INNOVATE 2019 Highlights | Mobile Marketing Association

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The MMA’s first foray into Los Angeles gave members and other attendees a fresh perspective on innovation.

In the entertainment capital of the world, we learned that the application of new technologies works best when it facilitates human connections that make an emotional impact. At MMA INNOVATE 2019, we learned how to tell better stories that match new formats and behaviors.

Here are 10 takeaways that will help you adopt a growth mindset of innovation in our mobile-connected world:

  1. Curiosity brings great ideas to life. Legendary producer Brian Grazer got the conference off to a rousing start by reminding us of the power of face-to-face communication. In story after story, Grazer credited his success—43 Oscar nominations and 195 Emmy nominations so far—to his ability to make eye contact and have “curiosity conversations” with people.

  2. You can’t just be interested—you have to be interesting.
    This idea has tremendous implications for marketers, who have less and less time to grab the attention—and interest—of consumers. Vassilis Bakopoulos, the MMA’s SVP—Head of Industry Research, explained that on mobile, the first second really counts.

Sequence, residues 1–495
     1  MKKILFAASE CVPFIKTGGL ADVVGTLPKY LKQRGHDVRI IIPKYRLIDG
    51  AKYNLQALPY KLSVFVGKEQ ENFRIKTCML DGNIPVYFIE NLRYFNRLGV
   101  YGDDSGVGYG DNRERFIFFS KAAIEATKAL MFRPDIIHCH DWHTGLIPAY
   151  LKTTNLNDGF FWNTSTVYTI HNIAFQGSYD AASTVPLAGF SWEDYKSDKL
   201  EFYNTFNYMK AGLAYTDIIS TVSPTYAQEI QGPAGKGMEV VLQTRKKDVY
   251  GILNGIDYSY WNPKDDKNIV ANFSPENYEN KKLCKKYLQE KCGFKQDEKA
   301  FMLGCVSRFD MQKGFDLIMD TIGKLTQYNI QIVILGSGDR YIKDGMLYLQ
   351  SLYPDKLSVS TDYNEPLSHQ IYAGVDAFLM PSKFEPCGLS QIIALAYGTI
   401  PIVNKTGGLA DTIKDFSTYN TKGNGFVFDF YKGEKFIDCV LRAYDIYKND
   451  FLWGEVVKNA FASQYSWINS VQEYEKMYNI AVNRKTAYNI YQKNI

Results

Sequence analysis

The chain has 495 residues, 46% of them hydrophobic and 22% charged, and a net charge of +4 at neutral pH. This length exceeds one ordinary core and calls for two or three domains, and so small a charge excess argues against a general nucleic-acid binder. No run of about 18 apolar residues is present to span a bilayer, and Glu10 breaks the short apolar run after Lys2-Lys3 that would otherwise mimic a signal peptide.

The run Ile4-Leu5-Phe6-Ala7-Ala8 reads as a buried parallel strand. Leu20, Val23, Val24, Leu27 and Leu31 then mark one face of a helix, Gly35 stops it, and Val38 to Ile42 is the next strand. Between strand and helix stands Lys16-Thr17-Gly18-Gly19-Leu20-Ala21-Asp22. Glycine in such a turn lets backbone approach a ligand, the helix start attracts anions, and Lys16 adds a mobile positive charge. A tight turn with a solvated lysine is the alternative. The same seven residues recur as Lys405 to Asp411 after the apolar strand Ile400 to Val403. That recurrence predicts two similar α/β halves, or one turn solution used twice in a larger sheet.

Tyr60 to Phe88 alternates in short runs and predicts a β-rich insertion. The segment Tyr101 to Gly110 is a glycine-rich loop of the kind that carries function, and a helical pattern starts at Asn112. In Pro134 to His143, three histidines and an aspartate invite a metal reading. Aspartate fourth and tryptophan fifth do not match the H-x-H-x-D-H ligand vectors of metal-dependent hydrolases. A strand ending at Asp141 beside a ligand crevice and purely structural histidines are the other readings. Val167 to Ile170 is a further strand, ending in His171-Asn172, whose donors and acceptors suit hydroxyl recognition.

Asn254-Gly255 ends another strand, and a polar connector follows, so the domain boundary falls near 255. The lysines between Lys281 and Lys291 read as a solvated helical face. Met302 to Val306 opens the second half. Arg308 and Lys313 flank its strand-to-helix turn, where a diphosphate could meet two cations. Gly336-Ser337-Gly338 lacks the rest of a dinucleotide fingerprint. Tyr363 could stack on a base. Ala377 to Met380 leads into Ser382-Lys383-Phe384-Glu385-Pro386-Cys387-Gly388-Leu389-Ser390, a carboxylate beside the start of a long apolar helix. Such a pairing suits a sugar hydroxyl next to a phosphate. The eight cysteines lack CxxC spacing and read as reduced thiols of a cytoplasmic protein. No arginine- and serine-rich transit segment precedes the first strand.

Being interesting from the very first moment makes it easier to create the emotional bonds that can lead to brand loyalty. “No one really makes data-driven decisions,” said Publicis Groupe’s Rishad Tobaccowala. “We choose with our hearts.”

  3. Sharing is more than caring—it’s good business.
    Daniel Cherry III, CMO of Activision Blizzard Esports, is at the forefront of innovation in the world of competitive gaming entertainment, or eSports. He’s building out a city-based franchise model for top leagues and networks like ESPN are giving him total control over broadcast production. To ensure that everything that happens during a competition is as interesting as possible, Cherry and his team follow one metric above all: “If a moment isn’t shared, it didn’t happen.”

  4. Don’t be afraid to try something new—it may work.
    Ingrid Cordy, Vice President, Global E-Commerce & Customer Experience at e.l.f. Cosmetics, explained how her brand needed to generate renewed interest after a period of stagnation. By testing small campaigns on TikTok, Joystick and other platforms to gain information, the brand saw potential with TikTok and decided to get involved in a bigger way. The brand’s #eyeslipsface contest garnered more than a million video submissions and generated 3.2 billion impressions—more than three times expectations.

    Andrew Glantz, Founder and CEO of GiftAMeal, is tackling the national hunger problem with a mobile app that encourages the social sharing of restaurant experiences. More restaurants are signing on, and the company donates 25% of its revenue to help solve a major societal problem.

  5. Innovation means little without a foundation of trust.
    Technology is one thing, but it can’t save you from a bad customer experience. Karin Timpone, Marriott International’s Global Marketing Officer, explained that all the technological wizardry that went into integrating 30 different brands into a unified loyalty program would have been a wasted effort without a culture of great customer service at each hotel.

  6. Make your CEO mad at you once a year.